There’s something about walking. Studies continually show us that walking can reduce stress, anxiety, and depression, in addition to the benefits to physical health from moving our bodies just to get around.
Cities, generally, are designed to be walked. Walking means we can dictate our own tour schedules, with no peak time travel charge, and possibilities open up beyond bus stops, tram routes, and metro stations. choosing to skip out on places or stop and linger longer. It means a journey from A to B can be just that, or run through the entire alphabet of diversions en route as we invent our own routes and build new connections.
I think there’s so much to be gained from setting out to stretch our legs and test our bearings whenever we visit new places, or become reacquainted with the old familiar streets. Here are my five top reasons why exploring cities on foot is the way to go.
Five Reasons to Walk in Cities
To move on a human scale and at a human pace
Walking is an ordinary practice, done without affording it any attention, and we walk on by everyday, often wishing the time away. But by embracing the action, not the destination, we recalibrate our focus on the moment, and give attention to ordinary time. Driving, or taking a taxi is an insulating experience, cocooned within steel and glass from the culture and context of a city, whereas walking makes a city exist on a human scale.
It reveals the connections between locations, and the living arteries that feed the oxygen of city life. The way people move around us, going about their everyday lives, inscribing their personal geographies on the streets. Walking uncovers the things in the city you didn’t know you wanted to see, the small sensations; the resonant sounds, sudden bright splashes of colour, wafting scents, the things that translate into the experiences all travellers relish.
To reveal layers of history
Walking in a city can be as much moving through time as through space, as the pace of our movement gives time to appreciate the tiny details. Deep-time geological forces shaping the very foundation. Architecture, monuments, bricks and glass. The shapes and colours of the built environment that unfold an atlas into the past, and the personal stories and associations seeded within. Street names, districts, parks and trail marks that tell the story of what once was, serve as portals to descend through time and offer new opportunities for exploration. Paradox-free time travel.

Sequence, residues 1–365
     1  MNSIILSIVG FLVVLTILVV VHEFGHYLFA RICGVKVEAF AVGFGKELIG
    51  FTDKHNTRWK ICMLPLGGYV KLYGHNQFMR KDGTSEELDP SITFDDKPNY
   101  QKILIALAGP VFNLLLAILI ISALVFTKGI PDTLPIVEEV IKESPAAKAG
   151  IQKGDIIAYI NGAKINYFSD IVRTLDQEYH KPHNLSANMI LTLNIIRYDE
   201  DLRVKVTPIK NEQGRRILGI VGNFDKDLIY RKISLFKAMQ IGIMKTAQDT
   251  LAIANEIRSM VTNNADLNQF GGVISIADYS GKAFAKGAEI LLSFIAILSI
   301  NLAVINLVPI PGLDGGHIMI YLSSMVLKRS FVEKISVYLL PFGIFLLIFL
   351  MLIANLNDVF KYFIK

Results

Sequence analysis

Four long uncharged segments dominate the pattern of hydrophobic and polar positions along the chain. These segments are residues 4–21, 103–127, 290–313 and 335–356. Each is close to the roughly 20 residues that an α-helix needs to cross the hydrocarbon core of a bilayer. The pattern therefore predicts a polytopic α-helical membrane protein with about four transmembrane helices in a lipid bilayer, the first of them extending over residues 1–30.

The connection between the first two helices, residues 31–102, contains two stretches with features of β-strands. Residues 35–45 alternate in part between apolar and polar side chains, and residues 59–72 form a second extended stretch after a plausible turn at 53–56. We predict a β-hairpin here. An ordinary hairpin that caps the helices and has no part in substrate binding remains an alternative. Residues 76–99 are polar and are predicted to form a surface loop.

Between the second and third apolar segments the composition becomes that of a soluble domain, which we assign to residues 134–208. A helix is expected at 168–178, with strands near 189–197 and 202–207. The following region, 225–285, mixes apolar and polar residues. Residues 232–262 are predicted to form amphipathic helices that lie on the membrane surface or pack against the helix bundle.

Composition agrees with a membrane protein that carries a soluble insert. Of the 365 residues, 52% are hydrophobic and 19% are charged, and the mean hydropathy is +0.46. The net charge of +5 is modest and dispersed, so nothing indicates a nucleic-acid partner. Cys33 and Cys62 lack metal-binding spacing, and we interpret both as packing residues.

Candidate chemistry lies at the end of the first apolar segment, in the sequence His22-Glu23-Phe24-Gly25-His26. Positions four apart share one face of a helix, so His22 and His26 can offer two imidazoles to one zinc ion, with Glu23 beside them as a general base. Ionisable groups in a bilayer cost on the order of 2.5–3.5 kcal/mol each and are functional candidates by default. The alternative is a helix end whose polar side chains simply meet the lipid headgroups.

To develop our sense of, and for, place
Many of us now spend the majority of our time indoors, never more true than in our era of lockdowns and stay-at-home orders. We often live in a series of disconnected interiors; at home, in the office or workshop, in shops, restaurants, bars, galleries. Walking allows us to start to occupy the spaces in between, and move through the whole of our worlds.
We start to uncover hidden nooks and crannies in places we once overlooked; parks and gardens, small patches of green space that are refuges for the wild among the built environment; the riversides, canal paths, and harbours that once bustled the way roads and carparks do now. Landmarks fulfil their purpose as focal points in the cityscape, aiding navigation as we build our personal maps and orientate our experiences around them.
Breathing, and thinking, space
Once you start to walk, it opens up a whole lot of space mentally as well as geographically. The regular rhythm of your movement, the steady measure of your feet, can be the best way to clear your head, cast off everyday concerns, and start to process your experiences. These can be anything from starting to draft out the article or blog post you might write about your visit, to much deeper analysis of just how you happened to be right there, at that exact moment in time, and how this will moment will shape your onward course in life. Personally, I find that the unconscious activity of aimless walking for hours is absolutely essential for thinking deeply in this way.
You’ll never step in the same city twice
To appropriate the sentiment from the Greek philosopher Heraclitus, it’s never the same city we revisit, shaped as it is by the progression of time, the turn of the seasons, and the impacts of current affairs, and neither are we the same people. The intangibles of the place that confirm it’s geography, pinning down latitude and longitude, but fluxing with weather and season and mood in the here and now.
A chance turn down a side street that leads to a new café with excellent coffee, or street vendor serving up a local speciality. A view of an intriguing piece of street art, interpreting the local political or cultural situation, or a glimpse of a flyer for a performance or gig at a venue yet unvisited. The ebb and flow of water in the serpentine length of the river. Sun cast shadows on the path through the park, a drift of blossom, dappled leafy darkness, or skeletal bare branches. Breezes, showers, sunrises and sunsets. Flashes of quick beauty.